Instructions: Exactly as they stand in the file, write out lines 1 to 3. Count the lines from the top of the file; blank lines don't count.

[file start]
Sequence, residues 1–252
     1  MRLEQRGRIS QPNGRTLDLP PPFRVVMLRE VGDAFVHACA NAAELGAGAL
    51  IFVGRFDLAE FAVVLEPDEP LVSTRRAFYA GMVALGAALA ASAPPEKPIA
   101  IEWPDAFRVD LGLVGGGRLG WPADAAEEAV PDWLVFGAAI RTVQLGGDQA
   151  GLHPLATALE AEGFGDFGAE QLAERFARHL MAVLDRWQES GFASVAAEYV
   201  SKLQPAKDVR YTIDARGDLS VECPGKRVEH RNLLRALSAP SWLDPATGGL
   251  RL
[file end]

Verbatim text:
Sequence, residues 1–252
     1  MRLEQRGRIS QPNGRTLDLP PPFRVVMLRE VGDAFVHACA NAAELGAGAL
    51  IFVGRFDLAE FAVVLEPDEP LVSTRRAFYA GMVALGAALA ASAPPEKPIA